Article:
- Donald Trump’s reluctance to accept that hydroxychloroquine may not treat coronavirus was clear when he kept Dr. Fauci from answering questions about it this weekend.
- There is some early evidence suggesting that the drug works.
- But there are also plenty of studies contradicting those results, leading medical professionals to advise against using it on a large scale.
The media have jumped on the fact that Donald Trump silenced top coronavirus adviser Dr. Anthony Fauci when asked about the effectiveness of hydroxychloroquine to treat coronavirus.
Fauci was hesitant to endorse the treatment, saying the evidence is limited at best:
In terms of science, I don’t think we can definitively say it works. The data are really just at best suggestive. There have been cases that show there may be an effect and there are others to show there’s no effect.
Fauci’s sentiment has been echoed by doctors around the world who point out that more testing is required.
So why would President Trump go as far as stockpiling 29 million pills on that kind of advice? There’s a lot of speculation, but giving the president the benefit of the doubt—it could be because there’s some evidence that it works.
The Case for Hydroxychloroquine
One of the first reliable clinical trials of the drug came out of Wuhan just a few days ago. It showed that patients in the treatment group who were taking the anti-malaria tablets displayed significant improvements over those in the control group who took no additional medication.
A survey of Spanish doctors showed that 72% were using the pills to treat COVID-19. In Italy 55% of physicians were trying to treat the virus with the medicine. Of the 6,200 international doctors surveyed, the majority said hydroxychloroquine was the most effective COVID-19 therapy.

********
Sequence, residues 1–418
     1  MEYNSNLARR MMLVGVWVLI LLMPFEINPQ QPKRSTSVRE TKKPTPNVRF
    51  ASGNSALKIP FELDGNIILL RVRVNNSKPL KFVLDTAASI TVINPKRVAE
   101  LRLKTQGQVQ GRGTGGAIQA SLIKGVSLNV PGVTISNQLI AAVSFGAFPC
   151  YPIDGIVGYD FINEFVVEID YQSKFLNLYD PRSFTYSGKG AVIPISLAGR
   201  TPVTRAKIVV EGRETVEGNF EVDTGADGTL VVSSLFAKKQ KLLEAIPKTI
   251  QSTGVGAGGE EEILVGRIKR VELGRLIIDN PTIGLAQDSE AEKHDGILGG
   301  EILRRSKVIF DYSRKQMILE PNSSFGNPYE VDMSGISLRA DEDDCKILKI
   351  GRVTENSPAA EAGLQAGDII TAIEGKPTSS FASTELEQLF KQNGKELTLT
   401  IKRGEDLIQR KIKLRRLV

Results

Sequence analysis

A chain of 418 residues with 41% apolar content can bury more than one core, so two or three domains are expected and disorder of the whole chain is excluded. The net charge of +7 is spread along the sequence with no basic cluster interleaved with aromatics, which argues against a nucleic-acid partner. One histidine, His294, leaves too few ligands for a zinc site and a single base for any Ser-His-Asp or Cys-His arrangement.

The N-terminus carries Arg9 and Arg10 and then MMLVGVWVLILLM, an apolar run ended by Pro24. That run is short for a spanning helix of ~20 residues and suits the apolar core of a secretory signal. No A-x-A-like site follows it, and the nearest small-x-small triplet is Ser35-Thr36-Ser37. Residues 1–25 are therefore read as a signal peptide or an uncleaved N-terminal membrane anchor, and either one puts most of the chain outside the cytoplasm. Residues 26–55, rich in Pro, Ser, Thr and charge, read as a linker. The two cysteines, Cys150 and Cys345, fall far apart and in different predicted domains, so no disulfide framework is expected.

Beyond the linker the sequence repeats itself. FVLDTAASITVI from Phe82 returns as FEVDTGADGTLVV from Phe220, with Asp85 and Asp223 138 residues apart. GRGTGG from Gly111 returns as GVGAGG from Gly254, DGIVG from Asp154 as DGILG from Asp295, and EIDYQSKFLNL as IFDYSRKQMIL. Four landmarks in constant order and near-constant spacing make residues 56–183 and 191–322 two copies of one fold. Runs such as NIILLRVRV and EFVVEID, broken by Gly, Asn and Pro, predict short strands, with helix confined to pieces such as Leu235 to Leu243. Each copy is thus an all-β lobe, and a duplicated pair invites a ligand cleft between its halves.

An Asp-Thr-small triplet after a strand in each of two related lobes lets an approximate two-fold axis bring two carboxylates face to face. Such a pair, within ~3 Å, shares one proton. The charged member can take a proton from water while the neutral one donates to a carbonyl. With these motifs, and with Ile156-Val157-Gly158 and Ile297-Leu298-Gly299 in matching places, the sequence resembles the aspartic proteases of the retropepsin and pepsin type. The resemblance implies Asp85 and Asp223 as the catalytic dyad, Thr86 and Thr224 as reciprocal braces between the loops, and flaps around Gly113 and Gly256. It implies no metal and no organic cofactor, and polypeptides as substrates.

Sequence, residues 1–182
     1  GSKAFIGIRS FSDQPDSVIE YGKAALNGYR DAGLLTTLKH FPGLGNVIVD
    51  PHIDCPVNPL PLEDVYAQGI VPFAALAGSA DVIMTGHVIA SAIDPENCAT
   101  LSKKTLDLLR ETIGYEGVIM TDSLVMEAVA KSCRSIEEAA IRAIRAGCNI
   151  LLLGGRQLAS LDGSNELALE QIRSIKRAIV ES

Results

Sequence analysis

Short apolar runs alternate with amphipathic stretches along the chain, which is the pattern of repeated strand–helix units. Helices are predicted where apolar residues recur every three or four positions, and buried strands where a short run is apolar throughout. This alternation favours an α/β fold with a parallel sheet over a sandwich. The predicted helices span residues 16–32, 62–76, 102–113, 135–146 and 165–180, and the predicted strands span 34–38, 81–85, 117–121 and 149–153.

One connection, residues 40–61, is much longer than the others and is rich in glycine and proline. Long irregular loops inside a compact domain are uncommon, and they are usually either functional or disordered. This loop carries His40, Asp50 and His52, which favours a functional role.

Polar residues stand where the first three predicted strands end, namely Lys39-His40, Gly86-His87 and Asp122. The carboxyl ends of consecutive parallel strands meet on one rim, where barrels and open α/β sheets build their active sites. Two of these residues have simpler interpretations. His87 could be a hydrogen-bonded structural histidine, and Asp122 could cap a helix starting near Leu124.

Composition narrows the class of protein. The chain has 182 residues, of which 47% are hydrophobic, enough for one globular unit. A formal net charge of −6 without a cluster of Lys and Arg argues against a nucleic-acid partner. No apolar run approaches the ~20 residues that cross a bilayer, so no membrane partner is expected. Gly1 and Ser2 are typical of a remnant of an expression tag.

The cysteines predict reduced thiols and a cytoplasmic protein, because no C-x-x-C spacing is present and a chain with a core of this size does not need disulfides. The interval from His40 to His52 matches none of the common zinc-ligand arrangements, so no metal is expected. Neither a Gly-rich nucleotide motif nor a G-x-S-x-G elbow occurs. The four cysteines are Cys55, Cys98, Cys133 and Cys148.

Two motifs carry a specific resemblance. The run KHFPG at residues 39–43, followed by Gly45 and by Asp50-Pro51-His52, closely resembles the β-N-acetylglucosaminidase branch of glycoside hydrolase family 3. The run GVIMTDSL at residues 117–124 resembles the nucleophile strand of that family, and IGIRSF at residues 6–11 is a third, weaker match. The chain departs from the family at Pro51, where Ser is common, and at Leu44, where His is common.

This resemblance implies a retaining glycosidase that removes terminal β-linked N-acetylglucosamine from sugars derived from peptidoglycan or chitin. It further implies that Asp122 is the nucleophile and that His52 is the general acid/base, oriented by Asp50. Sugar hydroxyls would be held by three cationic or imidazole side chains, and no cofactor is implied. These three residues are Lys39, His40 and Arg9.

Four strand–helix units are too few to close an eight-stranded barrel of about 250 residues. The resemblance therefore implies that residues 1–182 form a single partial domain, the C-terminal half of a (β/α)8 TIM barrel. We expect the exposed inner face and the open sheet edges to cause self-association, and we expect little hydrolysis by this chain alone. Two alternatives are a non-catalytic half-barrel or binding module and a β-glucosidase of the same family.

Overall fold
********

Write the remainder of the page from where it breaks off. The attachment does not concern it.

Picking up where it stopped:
With that evidence in mind, the president can be forgiven for wanting to push the drug forward:
I’m seeing people dying without it…When that’s happening, they should do it. What really do we have to lose? We don’t have time to say, ‘Gee let’s take a couple of years and test it out.
But Trump’s willingness to push the medication out to the public gets murky when you consider the negatives. No one is disputing early evidence that the anti-malarial drugs may be useful in treating coronavirus, but there simply isn’t enough data to go on.
Can Anti-Malarial Drugs Treat COVID-19?
The bottom line for hydroxychloroquine is no one knows whether it’s effective in treating coronavirus and unfortunately the process for finding out takes time. Doctors like Mr. Fauci are hesitant to promote the drug as a cure without evidence because it has side effects that are potentially deadly.
Dr. Megan L. Ranney of Brown University noted that although it could work to treat some patients, it might not in others. Those details need to be ironed out before exposing the masses to the drug’s potential side effects:
There are side effects to hydroxychloroquine. It causes psychiatric symptoms, cardiac problems and a host of other bad side effects.
There are many anecdotal reports that the drug works to treat coronavirus, but there is just as much evidence that it doesn’t. A small-scale French study shows hydroxchloroquine doesn’t help resolve coronavirus cases—and that’s just one of many that claim the drug isn’t a useful treatment.
Senior Consultant Physician Dr. Joyeeta Basu says that the lack of clear evidence suggests hydroxychloroquine doesn’t have much an impact:
If it truly has a dramatic effect on the clinical course of Covid-19 we would already have evidence for that. We don’t, which tells us that hydroxychloroquine, if it even works at all, will likely be shown to have modest effects at best
Aside from questions about the drug’s effectiveness, there are other concerns about pushing it out as a treatment prematurely. Namely, it could reduce the supply of the medicine for those who actually need it. One of the reasons the approval process for hydroxychloroquine can be expedited is that it’s already an existing treatment for rheumatic diseases.
If the medication is deemed a cure to coronavirus, it may disrupt treatment for existing patients, which could further stretch healthcare resources. That might be a risk doctors are willing to take, but without evidence that the drug actually works, it’s a dangerous gamble.
Disclaimer: The opinions expressed in this article do not necessarily reflect the views of CCN.com.
This article was edited by Sam Bourgi.
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